Anne Schmuck Max Planck Institute for Software Systems
07 Dec 2022, 12:15 pm - 1:15 pm
Saarbrücken building E1 5, room 002
Joint Lecture Series
Cyber-Physical Systems (CPS) are technical systems where a large software stack orchestrates the interaction of physical and digital components. Such systems are omnipresent in our daily life and their correct behavior is crucial. However, developing safe, reliable and performant CPS is challenging. A promising research direction towards this goal is the combination of formal methods from computer science and controller synthesis techniques from automation.

In my talk I will discuss how infinite two-player games over finite graphs, ...
Cyber-Physical Systems (CPS) are technical systems where a large software stack orchestrates the interaction of physical and digital components. Such systems are omnipresent in our daily life and their correct behavior is crucial. However, developing safe, reliable and performant CPS is challenging. A promising research direction towards this goal is the combination of formal methods from computer science and controller synthesis techniques from automation.

In my talk I will discuss how infinite two-player games over finite graphs, originating from the formal methods community, can be utilized and enhanced for higher layer control of CPS. In particular, I will discuss how the use of environment assumptions - used to model particularities of the system under control within these games - has to be rethought in order to effectively solve controller synthesis tasks for CPS.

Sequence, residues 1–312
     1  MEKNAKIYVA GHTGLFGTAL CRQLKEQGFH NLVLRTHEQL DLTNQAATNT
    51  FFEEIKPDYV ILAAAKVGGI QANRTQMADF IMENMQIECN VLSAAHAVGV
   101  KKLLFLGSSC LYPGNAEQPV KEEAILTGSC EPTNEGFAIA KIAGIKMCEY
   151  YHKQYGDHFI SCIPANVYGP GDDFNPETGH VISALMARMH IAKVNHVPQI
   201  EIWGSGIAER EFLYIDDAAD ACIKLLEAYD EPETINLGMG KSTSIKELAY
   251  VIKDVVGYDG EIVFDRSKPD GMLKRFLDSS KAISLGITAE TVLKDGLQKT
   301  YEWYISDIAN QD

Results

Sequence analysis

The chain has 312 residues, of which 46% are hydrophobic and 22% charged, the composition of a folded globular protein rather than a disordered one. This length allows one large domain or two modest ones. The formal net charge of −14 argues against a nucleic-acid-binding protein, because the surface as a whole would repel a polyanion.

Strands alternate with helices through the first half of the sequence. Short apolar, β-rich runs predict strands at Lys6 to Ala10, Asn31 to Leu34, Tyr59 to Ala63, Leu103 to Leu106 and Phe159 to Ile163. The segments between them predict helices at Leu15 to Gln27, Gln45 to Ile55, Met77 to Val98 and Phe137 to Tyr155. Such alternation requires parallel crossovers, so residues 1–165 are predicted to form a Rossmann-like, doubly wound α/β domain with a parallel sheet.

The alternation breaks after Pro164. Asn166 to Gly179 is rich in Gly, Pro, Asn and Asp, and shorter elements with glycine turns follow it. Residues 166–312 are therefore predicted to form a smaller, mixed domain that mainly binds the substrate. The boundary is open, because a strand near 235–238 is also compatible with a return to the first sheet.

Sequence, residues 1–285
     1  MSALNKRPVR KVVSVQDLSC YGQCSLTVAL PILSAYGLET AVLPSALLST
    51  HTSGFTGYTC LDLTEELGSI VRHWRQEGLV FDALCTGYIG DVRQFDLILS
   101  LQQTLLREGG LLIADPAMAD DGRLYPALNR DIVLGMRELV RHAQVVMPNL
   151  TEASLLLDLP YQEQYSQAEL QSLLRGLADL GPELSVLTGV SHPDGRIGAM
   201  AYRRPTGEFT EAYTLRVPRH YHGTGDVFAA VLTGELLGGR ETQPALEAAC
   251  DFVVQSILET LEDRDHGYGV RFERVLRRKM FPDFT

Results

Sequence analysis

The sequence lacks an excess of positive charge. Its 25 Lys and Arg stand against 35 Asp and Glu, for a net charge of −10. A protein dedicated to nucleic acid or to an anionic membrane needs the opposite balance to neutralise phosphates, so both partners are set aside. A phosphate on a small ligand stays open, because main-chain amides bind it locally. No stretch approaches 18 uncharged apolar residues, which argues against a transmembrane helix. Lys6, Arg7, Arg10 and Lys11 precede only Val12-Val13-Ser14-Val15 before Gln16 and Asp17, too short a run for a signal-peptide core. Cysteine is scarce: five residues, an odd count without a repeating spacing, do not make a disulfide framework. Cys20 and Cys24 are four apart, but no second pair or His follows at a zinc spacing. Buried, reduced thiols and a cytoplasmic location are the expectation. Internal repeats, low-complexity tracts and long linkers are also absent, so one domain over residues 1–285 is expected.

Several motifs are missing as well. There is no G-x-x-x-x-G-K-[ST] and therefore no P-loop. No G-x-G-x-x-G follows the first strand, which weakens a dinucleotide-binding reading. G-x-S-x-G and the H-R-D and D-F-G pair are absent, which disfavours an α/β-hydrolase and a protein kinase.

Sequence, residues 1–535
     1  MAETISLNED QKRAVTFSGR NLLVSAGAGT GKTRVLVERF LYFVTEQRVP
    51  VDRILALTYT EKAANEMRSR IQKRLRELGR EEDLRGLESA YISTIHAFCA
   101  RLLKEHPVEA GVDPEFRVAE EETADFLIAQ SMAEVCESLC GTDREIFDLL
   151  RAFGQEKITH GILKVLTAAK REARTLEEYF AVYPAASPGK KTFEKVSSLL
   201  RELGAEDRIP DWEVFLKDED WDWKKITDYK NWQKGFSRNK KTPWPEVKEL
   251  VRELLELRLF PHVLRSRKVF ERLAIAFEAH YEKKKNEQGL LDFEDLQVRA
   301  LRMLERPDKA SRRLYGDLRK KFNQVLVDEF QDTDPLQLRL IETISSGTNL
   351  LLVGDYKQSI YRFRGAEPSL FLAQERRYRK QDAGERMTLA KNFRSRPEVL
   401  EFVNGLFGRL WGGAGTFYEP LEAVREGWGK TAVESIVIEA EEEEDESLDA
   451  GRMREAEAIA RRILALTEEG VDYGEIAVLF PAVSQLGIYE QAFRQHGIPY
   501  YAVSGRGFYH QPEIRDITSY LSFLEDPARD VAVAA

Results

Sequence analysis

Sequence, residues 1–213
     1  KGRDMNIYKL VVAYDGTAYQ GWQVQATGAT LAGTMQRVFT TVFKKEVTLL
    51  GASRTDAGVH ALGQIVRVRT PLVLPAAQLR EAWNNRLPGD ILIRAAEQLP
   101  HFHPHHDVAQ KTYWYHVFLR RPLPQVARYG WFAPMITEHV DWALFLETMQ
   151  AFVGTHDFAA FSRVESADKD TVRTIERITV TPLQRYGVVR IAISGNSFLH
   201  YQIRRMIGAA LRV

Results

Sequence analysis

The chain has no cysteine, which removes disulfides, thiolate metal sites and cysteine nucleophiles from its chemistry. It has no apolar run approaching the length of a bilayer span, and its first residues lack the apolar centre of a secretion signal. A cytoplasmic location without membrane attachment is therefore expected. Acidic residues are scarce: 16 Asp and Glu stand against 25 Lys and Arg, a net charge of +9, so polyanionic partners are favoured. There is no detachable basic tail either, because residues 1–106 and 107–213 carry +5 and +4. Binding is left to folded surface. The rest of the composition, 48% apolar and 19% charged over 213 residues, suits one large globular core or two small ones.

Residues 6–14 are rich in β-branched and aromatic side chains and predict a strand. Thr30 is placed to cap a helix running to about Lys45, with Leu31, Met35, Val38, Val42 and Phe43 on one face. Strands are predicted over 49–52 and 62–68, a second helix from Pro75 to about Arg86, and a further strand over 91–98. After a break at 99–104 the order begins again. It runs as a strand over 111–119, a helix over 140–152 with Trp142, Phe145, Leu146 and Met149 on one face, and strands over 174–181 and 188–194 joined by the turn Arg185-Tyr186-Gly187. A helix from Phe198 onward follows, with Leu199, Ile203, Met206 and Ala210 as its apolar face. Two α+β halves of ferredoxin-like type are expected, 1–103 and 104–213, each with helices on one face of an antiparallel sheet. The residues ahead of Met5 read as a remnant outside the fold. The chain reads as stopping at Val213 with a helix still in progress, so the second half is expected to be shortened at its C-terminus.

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Enforcing Stack Safety on a Capability Machine

Aïna Linn Georges Aarhus University
24 Nov 2022, 10:00 am - 11:00 am
Saarbrücken building E1 5, room 005
simultaneous videocast to Kaiserslautern building G26, room 207 / Meeting ID: -
SWS Colloquium
Memory safety is a major source of vulnerabilities in computer systems. Capability machines are a type of CPUs that support fine-grained privilege separation using capabilities, machine words that include forms of authority. Over the last decade, CHERI, a family of capability machines, has matured into an extensive design featuring, among other, a full UNIX-style operating system, CheriBSD. Building on ideas from CHERI, capability machines are even becoming a reality in industry; the Arm Morello program is a research program led by Arm to create a prototype system on chip with capabilities. ...
Memory safety is a major source of vulnerabilities in computer systems. Capability machines are a type of CPUs that support fine-grained privilege separation using capabilities, machine words that include forms of authority. Over the last decade, CHERI, a family of capability machines, has matured into an extensive design featuring, among other, a full UNIX-style operating system, CheriBSD. Building on ideas from CHERI, capability machines are even becoming a reality in industry; the Arm Morello program is a research program led by Arm to create a prototype system on chip with capabilities. One of the promises of capability machines is that they can enforce security properties that we expect from high-level languages, in particular stack safety, even when machine code is linked with other untrusted and possibly adversarial machine code. In this talk, I will discuss what it takes to realise that promise in practice. Since stack safety properties can be quite subtle, it is crucial to formally reason about the enforcement mechanisms enabled by capabilities. This is a complex task that involves reasoning about the interaction between known code, and unknown untrusted code. We use Iris to formally reason about the deep semantic properties of capability machines.